Companies need to configure technology to enable clear separations between work and personal lives.
UK workers trying to switch off from work are more likely to drink alcohol (26%) than turn off their work phone (25%) or switch on its ‘do not disturb’ mode (17%), according to connectivity experts Teleware.
The research – carried out among 2,016 flexible workers before the crisis – revealed other popular ways to switch off from work include watching TV (56%), spending time with friends and family (51%), exercising (37%) and reading (35%).
All the top ten techniques to switch from work reinforce the need for employees to find a distraction and to disconnect from work communications:
Encouraging healthy habits
Before the pandemic, one in five (22%) of workers already struggled to draw a clear line of separation between their work life and personal life. Now, with 49% of employed adults working and living in the same place, according to the ONS, techniques to switch off have never been more important.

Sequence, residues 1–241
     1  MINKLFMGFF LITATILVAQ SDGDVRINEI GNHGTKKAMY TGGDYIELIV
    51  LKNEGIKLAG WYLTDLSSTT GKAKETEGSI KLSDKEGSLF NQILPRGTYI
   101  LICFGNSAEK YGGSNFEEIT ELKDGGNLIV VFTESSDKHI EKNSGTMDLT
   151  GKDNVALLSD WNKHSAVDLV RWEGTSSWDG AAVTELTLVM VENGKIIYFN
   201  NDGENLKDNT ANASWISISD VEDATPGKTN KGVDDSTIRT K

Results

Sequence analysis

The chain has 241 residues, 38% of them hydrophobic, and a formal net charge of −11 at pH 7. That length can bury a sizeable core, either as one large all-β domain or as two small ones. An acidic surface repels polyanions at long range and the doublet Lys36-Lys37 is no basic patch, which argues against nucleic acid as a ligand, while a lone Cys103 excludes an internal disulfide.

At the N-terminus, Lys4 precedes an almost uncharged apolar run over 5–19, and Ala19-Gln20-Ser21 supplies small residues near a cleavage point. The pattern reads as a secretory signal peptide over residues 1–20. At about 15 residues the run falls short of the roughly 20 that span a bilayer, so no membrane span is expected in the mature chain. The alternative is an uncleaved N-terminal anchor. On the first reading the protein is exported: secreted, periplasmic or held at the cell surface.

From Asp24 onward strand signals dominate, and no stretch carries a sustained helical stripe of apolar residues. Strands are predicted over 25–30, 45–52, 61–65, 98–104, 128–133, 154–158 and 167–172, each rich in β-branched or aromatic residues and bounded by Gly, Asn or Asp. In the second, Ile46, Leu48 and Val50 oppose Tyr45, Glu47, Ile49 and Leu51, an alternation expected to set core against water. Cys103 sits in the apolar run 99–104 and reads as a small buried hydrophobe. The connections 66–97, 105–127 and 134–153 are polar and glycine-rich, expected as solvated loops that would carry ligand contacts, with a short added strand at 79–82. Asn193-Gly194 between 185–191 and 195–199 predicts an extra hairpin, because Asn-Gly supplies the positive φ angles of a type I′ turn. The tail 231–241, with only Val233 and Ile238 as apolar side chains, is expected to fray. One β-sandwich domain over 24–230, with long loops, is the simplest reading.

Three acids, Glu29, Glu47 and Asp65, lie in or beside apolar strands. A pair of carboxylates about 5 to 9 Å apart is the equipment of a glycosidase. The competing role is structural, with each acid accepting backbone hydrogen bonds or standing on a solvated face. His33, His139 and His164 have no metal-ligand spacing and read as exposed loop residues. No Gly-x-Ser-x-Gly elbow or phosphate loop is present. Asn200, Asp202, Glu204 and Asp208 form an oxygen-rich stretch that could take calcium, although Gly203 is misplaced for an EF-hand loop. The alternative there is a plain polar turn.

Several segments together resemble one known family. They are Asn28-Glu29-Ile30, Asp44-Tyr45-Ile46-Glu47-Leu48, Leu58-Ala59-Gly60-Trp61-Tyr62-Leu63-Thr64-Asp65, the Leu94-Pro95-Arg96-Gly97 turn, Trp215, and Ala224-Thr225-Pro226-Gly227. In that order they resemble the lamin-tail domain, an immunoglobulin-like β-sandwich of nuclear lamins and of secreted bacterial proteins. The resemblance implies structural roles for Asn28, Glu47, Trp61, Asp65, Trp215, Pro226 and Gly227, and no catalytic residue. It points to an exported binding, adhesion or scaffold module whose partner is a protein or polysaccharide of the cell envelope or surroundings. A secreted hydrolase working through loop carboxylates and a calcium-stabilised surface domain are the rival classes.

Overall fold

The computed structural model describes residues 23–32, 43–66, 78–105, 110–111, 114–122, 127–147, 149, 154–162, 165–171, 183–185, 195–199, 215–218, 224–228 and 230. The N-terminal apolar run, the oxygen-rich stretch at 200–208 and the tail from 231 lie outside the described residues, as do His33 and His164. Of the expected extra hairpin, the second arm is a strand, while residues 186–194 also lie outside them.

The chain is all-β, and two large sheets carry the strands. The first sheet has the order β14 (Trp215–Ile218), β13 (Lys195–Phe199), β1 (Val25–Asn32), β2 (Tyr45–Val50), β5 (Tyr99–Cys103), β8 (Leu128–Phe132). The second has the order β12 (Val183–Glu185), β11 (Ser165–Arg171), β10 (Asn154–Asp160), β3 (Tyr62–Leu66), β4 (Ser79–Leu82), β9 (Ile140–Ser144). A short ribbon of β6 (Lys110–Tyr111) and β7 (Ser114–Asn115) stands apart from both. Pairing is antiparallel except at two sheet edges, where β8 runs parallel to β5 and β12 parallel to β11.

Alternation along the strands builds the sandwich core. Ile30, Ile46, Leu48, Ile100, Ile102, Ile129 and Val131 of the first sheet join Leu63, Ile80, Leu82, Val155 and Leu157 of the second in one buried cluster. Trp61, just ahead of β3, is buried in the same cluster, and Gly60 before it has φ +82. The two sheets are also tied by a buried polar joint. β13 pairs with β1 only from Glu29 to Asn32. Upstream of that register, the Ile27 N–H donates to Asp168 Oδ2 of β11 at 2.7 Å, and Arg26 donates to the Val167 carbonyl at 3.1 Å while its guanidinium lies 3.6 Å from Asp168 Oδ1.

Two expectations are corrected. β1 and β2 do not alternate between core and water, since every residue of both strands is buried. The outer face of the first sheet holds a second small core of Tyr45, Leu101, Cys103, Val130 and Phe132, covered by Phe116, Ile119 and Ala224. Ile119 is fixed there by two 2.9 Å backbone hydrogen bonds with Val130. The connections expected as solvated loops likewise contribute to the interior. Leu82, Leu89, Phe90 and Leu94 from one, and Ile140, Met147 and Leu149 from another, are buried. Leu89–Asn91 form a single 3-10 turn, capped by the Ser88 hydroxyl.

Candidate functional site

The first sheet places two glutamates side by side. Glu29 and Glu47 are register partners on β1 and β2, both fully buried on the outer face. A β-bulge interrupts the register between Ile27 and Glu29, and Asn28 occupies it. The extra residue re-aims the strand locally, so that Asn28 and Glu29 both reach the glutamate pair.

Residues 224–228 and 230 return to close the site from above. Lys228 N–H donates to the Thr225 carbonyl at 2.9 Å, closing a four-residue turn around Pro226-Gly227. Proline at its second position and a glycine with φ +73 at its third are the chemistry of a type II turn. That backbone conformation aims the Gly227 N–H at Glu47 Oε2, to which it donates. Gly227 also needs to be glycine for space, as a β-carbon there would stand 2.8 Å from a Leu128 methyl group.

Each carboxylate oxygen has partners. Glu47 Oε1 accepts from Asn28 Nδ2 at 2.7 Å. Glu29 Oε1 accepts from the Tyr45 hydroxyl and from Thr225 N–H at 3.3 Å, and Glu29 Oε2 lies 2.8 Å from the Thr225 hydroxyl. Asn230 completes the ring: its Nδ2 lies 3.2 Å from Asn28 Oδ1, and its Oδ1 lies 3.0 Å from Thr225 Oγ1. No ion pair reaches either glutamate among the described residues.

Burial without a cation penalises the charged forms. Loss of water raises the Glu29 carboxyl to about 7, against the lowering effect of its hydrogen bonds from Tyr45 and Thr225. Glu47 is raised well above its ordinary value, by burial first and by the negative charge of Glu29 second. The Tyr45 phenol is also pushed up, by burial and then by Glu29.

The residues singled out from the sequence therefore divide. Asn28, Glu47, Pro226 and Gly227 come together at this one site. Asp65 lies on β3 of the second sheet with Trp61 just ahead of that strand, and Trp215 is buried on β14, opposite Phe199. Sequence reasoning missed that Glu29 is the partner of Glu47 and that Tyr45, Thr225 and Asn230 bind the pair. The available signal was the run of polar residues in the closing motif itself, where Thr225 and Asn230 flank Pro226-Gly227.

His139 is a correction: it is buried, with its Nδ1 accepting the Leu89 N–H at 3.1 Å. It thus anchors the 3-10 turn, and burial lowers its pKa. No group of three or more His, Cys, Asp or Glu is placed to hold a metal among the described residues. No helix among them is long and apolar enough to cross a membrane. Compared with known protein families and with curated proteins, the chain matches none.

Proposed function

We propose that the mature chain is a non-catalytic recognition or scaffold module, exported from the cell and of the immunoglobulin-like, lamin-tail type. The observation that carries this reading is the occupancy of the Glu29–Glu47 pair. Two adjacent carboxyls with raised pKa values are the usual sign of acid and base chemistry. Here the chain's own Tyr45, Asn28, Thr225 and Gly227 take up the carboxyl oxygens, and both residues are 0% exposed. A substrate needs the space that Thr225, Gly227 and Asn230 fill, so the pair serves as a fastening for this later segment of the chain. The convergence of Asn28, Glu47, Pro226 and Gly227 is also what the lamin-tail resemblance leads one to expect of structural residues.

Steve Haworth, CEO of Teleware, comments: “There are growing concerns that people are hitting the bottle during isolation.
“While employers cannot influence everyone’s habits at home, they can create a culture that encourages downtime, and make sure technology is configured to help workers switch off.
Employees should be empowered to set clear boundaries – for example by diverting business calls outside of work hours – to avoid burnout and maintain productivity.”
*About the research
Research based on 2,016 UK flexible workers. An online survey was conducted by Censuswide, on behalf of Teleware. The survey sample included 558 decision makers who work in IT, Finance and accounts or HR.